Open main menu

Germaine Maurice Lindsay (23 September 1985 – 7 July 2005), also known as Abdullah Shaheed Jamal, was one of the four terrorists who detonated bombs on three trains on the London Underground and a bus in central London during the 7 July 2005 London bombings, killing 56 people (including themselves), and injuring more than 700. Lindsay detonated the bomb that killed himself and 26 other people on a train travelling on the Piccadilly line between King's Cross St Pancras and Russell Square tube stations.

Germaine Lindsay
Germaine Lindsay terrorist.jpg
Germaine Maurice Lindsay

(1985-09-23)23 September 1985
Died7 July 2005(2005-07-07) (aged 19)
Other namesAbdullah Shaheed Jamal
Partner(s)Samantha Lewthwaite



Lindsay (second from left) alongside Mohammad Sidique Khan and Shehzad Tanweer captured on CCTV at Luton railway station at 7:21 a.m., 7 July.[1]

Lindsay was born in Jamaica; after moving to Britain at age five, he lived in Dalton, West Yorkshire, where he attended Rawthorpe Junior School and Rawthorpe High School.[2] He subsequently moved to Aylesbury in Buckinghamshire.

Lindsay married a woman from Kinnitty, County Offaly, Ireland, in a traditional Islamic religious ceremony,[when?][3] which had no legal recognition in the UK.[4][5] He divorced her eight days later[3] in order to marry Samantha Lewthwaite.[when?][3] Lewthwaite, a native of County Down, Northern Ireland, had converted to Islam at the age of 15 after moving to Aylesbury. Lewthwaite lived with him and gave birth to their second child two months after his death. Lindsay had converted to Islam shortly after his mother, Maryam McCleod Ismaiyl, converted to the faith in 2001 and encouraged him to do the same.[6][7] He worked part-time as a carpet fitter and supplemented his income by selling covers for mobile phones at a local market.[7]

Abdullah el-Faisal, a controversial imam convicted of attempting to incite sectarian murders in 2003, later claimed to have been close to Lindsay.[8][9]


Lindsay's wife, Samantha Lewthwaite, denied his involvement until authorities produced forensic evidence to confirm his identity.[10] She later said she abhorred the attacks and that her husband's mind had been poisoned by "radicals".[11]

By 2015, she herself had been accused of causing the deaths of more than 400 people.[12] Now dubbed the 'White Widow', Lewthwaite is an alleged member of the Somalia-based radical Islamic militant group Al-Shabaab.[13]

Involvement in London bombingsEdit

Lindsay detonated his bomb, killing 27 people, on a train travelling between King's Cross St Pancras and Russell Square stations.[14] A raid by Scotland Yard found no explosives at Lindsay's flat. Lindsay is believed to have hired one of the cars left at Luton railway station on 7 July before the bombers made their rail journey to London. Abdul Dayan, the imam of the Jamia Ghausia mosque in Aylesbury, said that Lindsay did not attend, and did not mix with the largely Pakistani Muslim community.[citation needed]

House arsonEdit

On 22 July 2005, police and fire services were called to Lindsay's home in Aylesbury after neighbours reported a strong smell of petrol coming from it. It was suspected to be a retaliatory arson attack on the empty property.[15] Later it was revealed in the local press that Lindsay's wife and son were living under "police protection" and would not be returning home. In December 2005, two 17-year-olds were convicted at Aylesbury Crown Court of arson in circumstances where they were reckless as to whether the life of another person would be endangered and each sentenced to 18 months youth detention with a training order.[16]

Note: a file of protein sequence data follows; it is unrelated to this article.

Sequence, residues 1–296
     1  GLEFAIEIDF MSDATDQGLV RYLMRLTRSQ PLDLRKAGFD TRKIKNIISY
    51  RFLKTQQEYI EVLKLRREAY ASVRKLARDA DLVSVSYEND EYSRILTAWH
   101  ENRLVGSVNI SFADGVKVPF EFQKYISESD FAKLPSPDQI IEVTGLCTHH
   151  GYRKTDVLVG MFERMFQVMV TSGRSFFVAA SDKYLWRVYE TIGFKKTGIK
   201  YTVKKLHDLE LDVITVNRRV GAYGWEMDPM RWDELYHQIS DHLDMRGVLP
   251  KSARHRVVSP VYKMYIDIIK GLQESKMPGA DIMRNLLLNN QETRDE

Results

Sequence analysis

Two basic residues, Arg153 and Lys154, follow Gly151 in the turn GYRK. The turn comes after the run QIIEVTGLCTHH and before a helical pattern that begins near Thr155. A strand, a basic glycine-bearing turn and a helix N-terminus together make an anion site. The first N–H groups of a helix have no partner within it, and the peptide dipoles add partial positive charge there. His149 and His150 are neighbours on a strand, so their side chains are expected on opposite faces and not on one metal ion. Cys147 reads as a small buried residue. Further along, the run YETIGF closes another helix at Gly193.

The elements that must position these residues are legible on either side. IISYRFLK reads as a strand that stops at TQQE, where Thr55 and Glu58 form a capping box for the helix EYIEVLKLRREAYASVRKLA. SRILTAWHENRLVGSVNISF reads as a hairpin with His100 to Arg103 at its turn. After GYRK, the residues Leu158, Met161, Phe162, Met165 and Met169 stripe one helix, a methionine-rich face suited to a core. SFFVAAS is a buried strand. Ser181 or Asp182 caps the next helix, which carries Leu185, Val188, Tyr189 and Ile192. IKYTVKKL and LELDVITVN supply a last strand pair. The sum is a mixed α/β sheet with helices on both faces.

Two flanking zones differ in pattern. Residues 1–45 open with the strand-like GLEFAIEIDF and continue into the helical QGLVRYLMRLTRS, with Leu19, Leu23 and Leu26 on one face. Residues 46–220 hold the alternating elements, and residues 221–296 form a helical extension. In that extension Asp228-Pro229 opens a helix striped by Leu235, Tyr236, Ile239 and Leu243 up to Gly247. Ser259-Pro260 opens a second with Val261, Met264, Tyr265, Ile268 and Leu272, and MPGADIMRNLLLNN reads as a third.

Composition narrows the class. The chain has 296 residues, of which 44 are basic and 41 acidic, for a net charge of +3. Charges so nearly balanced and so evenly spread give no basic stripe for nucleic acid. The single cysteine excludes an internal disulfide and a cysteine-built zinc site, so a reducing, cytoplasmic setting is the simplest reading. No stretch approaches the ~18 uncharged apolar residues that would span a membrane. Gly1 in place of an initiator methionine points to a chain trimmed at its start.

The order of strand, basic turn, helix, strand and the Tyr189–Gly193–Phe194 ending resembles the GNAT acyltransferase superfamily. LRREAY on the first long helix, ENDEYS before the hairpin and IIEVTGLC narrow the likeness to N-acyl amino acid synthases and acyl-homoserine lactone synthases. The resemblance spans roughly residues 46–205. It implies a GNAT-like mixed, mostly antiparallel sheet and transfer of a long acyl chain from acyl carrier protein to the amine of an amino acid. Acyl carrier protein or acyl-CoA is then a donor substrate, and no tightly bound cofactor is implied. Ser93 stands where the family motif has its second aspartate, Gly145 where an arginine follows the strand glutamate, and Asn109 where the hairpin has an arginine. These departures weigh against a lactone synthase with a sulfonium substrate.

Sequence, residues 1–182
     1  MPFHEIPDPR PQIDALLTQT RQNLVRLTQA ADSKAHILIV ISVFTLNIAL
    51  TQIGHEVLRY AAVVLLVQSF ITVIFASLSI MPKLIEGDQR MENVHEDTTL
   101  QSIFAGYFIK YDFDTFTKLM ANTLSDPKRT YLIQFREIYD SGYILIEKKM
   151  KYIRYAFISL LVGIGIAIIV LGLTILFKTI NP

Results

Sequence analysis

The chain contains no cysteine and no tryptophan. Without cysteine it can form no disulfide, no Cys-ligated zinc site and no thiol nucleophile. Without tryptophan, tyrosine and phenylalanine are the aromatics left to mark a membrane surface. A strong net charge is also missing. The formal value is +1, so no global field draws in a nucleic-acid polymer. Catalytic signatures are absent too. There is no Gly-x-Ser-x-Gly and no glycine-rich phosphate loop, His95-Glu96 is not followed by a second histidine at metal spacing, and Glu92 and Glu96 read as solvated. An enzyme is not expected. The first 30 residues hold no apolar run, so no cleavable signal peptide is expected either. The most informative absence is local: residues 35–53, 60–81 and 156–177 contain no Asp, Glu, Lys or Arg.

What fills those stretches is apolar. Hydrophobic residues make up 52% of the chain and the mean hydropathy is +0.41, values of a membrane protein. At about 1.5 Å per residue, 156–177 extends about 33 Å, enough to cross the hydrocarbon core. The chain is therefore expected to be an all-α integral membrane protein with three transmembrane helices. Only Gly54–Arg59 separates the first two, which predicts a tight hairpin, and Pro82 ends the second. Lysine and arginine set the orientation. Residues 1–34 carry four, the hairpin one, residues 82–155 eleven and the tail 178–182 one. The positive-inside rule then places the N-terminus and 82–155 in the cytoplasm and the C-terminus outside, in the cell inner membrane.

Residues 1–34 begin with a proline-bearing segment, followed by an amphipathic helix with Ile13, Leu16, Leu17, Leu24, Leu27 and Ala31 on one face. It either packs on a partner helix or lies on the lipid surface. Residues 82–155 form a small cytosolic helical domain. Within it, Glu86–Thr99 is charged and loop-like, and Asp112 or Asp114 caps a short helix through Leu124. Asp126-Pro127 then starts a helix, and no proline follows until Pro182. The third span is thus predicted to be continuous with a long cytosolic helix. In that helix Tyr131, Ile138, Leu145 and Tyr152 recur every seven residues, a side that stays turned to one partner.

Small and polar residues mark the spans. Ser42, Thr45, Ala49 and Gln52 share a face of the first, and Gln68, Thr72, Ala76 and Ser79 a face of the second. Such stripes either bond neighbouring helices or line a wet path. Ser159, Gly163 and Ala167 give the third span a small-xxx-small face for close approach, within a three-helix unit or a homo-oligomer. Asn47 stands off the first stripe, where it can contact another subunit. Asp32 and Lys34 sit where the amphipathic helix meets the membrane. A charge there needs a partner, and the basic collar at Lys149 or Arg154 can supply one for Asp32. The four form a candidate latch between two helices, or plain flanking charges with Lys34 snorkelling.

See alsoEdit


  1. ^ Image of bombers' deadly journey, BBC News, 17 July 2005, accessed 3 December 2006.
  2. ^ Sapsted, David and Duncan Gardham. "Lost years of the 'nice boy' who killed 25". Daily Telegraph, 16 July 2005. Archived 28 June 2006 at the Wayback Machine
  3. ^ a b c "Tube bomber's bizarre eight day marriage". West Yorkshire News. 14 August 2007. Retrieved 30 July 2016.
  4. ^ Divya Talwar (BBC Asian Network) (3 February 2010), Wedding trouble as UK Muslim marriages not recognised, BBC News, British Broadcasting Corporation, archived from the original on 29 November 2014, retrieved 8 July 2015
  5. ^ Cambridge Family Law Practice (Marchant-Daisley, Varty, Moghadas, Bethel and Ashton) (8 May 2013), Islamic marriage and divorce, Archived from the original on 14 July 2015, retrieved 8 July 2015CS1 maint: Multiple names: authors list (link) CS1 maint: BOT: original-url status unknown (link)
  6. ^ Bird, Steve; Pierre, Leslie (22 July 2005). "Bomber's mother prays for victims". The Times. London. p. 13.
  7. ^ a b Gillan, Audrey; Cobain, Ian; Muir, Hugh (16 July 2005). "Jamaican-born convert to Islam 'coordinated fellow bombers'". The Guardian. London. p. 4.
  8. ^ Sandford, Daniel (20 June 2008). "Hate preacher 'knew 7/7 bomber'". BBC News. Retrieved 3 May 2010.
  9. ^ "Hate preaching cleric jailed". BBC News. 7 March 2003. Retrieved 3 May 2010.
  10. ^ "NewMuslim at 15, a bombing suspect at 19" International Herald Tribune 18 July 2005.
  11. ^ "Widow of bomber 'abhors' attack" BBC News, 23 September 2005
  12. ^ "White Widow 'has killed 400 people' as key figure in al-Shabaab". The Telegraph. 18 May 2015. Retrieved 29 November 2016.
  13. ^ "Samantha Lewthwaite: Is 'White Widow' behind Kenya mall attack?". The Christian Science Monitor. 23 September 2013. Retrieved 29 November 2016.
  14. ^ "Image of bombers' deadly journey". BBC News. 17 July 2005. Retrieved 3 March 2007.
  15. ^ "Attempted arson at bomber's house", BBC News. 22 July 2005.
  16. ^ "Arsonists locked up for attack on home". Huddersfield Daily Examiner. 6 December 2005.

External linksEdit